African Journal of
Agricultural Research

  • Abbreviation: Afr. J. Agric. Res.
  • Language: English
  • ISSN: 1991-637X
  • DOI: 10.5897/AJAR
  • Start Year: 2006
  • Published Articles: 6691

Full Length Research Paper

Adaptability and genotype-environment interaction of finger millet (Eleusine coracana (L.) Gaertn) varieties in North Eastern Ethiopia

Mulugeta Mamo
  • Mulugeta Mamo
  • Amhara Regional Agricultural Research Institute, Sirinka Agricultural Research Center, Woldia, Ethiopia.
  • Google Scholar
Fisseha Worede
  • Fisseha Worede
  • Ethiopian Institute of Agricultural Research, Fogera Rice Research and Training Center, Bahir Dar, Ethiopia.
  • Google Scholar
Yemata Bezie
  • Yemata Bezie
  • Amhara Regional Agricultural Research Institute, Sirinka Agricultural Research Center, Woldia, Ethiopia.
  • Google Scholar
Solomon Assefa
  • Solomon Assefa
  • Amhara Regional Agricultural Research Institute, Sirinka Agricultural Research Center, Woldia, Ethiopia.
  • Google Scholar
Tsegaye Gebremariam
  • Tsegaye Gebremariam
  • Amhara Regional Agricultural Research Institute, Sirinka Agricultural Research Center, Woldia, Ethiopia.
  • Google Scholar


  •  Received: 01 February 2018
  •  Accepted: 07 March 2018
  •  Published: 28 June 2018

 ABSTRACT

An experiment was conducted to study the adaptability and genotype × environment interaction of finger millet varieties in the north eastern part of Ethiopia. Eight finger millet varieties and a local check were tested at Sirinka, Kobo, and Jari in 2013 and 2014 cropping season. The experiment was laid out in a randomized complete block (RCB) design with three replicates. The result showed that the year 2013 was relatively better than 2014 for finger millet yield. Variety Bareda ranked first in terms of yield at Sirinka both in 2013 and 2014 (SR13 and SR14), and Kobo in 2013 (KB13). Variety Tadesse ranked first at Jari in 2013 (JR13); however, both the local check and Gute ranked first at Jari in 2014 (JR14). Except at JR14, the local check ranked second in all the environments. The Additive Main-effect and Multiplicative Interaction (AMMI) analysis showed that the best fit model was AMMI1 and it explained 68.54% of the genotype × environment interaction. Genotypes Bareda, the local check and Gute had higher grain yield in that order. Similarly, environments SR13, JR13 and KB13 had above average grain yield. Varieties Tadesse and Padet had small interaction effect; however, Bareda and Gute exerted relatively higher interaction effect. Similarly, environment SR13 contributed minimum interaction effect; whereas KB13 and JR13 contributed higher interaction effect. Genotype and genotype × environment (GGE) biplot identified the local check, Bareda and Gute as more desirable varieties. Based on the overall performance and adaptability of the finger millet varieties across environments, Bareda could be recommended for production at Sirinka and Kobo, whereas the local check could still be used at Jari.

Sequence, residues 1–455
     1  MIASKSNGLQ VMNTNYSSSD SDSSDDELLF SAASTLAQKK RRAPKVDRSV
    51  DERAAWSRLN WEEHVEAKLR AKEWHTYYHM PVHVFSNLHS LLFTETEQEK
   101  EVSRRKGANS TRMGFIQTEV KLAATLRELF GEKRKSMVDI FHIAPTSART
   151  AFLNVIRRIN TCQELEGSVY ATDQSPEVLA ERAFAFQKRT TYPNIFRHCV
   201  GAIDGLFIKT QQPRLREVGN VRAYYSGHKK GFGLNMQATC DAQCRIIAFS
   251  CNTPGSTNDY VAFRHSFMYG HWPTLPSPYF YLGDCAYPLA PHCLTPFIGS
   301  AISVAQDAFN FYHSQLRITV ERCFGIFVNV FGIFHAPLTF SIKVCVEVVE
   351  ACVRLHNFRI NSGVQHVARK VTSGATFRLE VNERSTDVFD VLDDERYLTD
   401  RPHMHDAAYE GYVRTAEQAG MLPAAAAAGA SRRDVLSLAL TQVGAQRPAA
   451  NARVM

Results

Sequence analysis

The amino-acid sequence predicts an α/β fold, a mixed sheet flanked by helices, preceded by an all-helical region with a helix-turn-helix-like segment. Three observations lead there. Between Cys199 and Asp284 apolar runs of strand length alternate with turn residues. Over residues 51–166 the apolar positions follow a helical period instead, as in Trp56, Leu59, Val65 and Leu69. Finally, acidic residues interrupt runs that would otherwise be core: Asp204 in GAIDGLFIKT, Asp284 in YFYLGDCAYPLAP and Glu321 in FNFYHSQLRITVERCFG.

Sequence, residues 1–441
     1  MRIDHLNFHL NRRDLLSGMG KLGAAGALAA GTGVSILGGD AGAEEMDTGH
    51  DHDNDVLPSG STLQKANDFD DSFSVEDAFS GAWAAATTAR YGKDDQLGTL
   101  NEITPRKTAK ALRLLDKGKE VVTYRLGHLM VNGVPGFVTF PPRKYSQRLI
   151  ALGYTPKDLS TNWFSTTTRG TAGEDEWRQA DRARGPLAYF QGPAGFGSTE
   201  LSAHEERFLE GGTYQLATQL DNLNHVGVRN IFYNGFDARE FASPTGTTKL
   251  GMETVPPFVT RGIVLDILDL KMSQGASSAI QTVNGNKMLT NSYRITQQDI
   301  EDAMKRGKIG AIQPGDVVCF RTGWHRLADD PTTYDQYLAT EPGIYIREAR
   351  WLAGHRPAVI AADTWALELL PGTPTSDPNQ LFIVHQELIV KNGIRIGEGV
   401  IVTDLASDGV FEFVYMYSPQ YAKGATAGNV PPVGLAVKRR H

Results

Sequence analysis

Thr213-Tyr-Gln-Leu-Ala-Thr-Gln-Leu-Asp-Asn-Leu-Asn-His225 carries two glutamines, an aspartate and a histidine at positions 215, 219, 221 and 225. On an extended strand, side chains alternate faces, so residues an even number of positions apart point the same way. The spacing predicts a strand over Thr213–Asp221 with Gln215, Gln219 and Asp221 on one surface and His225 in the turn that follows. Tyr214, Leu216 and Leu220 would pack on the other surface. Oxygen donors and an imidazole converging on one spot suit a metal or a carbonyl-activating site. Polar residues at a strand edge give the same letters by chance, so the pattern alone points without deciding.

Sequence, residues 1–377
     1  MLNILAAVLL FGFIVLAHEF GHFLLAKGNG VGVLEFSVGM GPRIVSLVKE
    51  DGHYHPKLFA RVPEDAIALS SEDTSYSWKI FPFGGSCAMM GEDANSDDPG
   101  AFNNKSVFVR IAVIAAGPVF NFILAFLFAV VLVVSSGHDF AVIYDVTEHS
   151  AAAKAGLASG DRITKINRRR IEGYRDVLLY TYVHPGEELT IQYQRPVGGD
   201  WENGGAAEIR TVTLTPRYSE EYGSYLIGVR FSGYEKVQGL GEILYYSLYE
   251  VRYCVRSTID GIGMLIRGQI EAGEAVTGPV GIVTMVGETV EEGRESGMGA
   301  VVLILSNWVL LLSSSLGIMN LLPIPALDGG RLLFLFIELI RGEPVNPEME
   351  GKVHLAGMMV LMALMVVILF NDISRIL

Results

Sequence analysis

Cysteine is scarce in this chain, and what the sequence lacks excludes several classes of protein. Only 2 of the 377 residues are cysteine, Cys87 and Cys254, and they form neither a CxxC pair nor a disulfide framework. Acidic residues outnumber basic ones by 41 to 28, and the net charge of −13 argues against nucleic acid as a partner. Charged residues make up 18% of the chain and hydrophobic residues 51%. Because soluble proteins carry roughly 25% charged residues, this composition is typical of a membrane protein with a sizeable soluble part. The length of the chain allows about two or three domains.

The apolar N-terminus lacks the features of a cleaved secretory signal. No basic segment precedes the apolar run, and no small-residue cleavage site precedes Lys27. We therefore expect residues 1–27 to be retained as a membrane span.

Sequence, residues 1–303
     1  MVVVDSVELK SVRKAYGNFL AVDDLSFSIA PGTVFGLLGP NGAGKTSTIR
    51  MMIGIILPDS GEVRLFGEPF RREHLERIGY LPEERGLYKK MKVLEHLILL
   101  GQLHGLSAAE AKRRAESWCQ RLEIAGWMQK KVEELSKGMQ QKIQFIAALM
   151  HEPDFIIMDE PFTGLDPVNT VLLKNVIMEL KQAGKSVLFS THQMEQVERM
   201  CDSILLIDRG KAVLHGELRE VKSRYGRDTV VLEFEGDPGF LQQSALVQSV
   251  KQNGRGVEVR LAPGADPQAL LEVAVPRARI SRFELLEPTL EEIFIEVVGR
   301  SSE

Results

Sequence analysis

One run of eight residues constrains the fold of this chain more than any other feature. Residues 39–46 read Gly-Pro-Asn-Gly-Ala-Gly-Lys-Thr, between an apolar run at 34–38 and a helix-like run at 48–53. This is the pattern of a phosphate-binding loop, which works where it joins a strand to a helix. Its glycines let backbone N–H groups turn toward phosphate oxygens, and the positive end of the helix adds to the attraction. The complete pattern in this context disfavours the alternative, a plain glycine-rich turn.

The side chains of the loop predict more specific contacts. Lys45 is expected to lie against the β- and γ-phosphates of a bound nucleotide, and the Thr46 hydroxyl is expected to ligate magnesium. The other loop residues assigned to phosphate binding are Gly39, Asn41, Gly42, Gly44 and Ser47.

Key words: Adaptability, additive main-effect and multiplicative interaction (AMMI), Eleusine coracana, G × E interaction, genotype and genotype × environment (GGE).


 INTRODUCTION

Finger millet (Eleusine coracana (L.) Gaertn), believed to be adapted to the arid and semi-arid regions of the world, is highly tolerant to pests, diseases and drought (Gowda et al., 2015). It serves as a food and nutritional security crop because of its adaptability to a wide range of environments, high nutritional value, excellent  storage qualities and its importance as a low input crop (Dida et al., 2007). It is cultivated on more than 31 million ha of land globally (FAO, 2014). 

Finger millet straw is used for livestock feed in manycountries, however, it is mainly grown for food (Upadhyaya et al., 2006) and also for brewing of gluten free beverages (Shayo et al., 2001; Fernandez et al., 2003; Bano et al., 2015). Finger millet grain is nutritionally rich as it contains high levels of protein and minerals (Upadhyaya et al., 2006). David et al. (2014) reported that the proximate composition of finger millet to be moisture (6.99%), ash (2.37%), crude protein (10.28%), crude fibre (3.10%), crude lipid (0.83%), carbohydrate (76.43%) and mineral like potassium (14.19 mg/g), sodium (6.86 mg/g), copper (0.10 mg/g), calcium (1.13 mg/g), magnesium (6.25 mg/g), zinc (0.22 mg/g), manganese (0.32 mg/g), iron (0.11 mg/g) and lead (0.001 mg/g). It contains appreciable amount of the essential amino acid methionine which is lacking in most food grains (National Academies, 1996). Finger millet is suitable to design and develop value-added nutritive food products. Woldemichael and Admasu (2017) reported germination to be effective in starch and protein hydrolysis; while fermentation was more effective in reducing phytate, consequently increasing mineral bioavailability.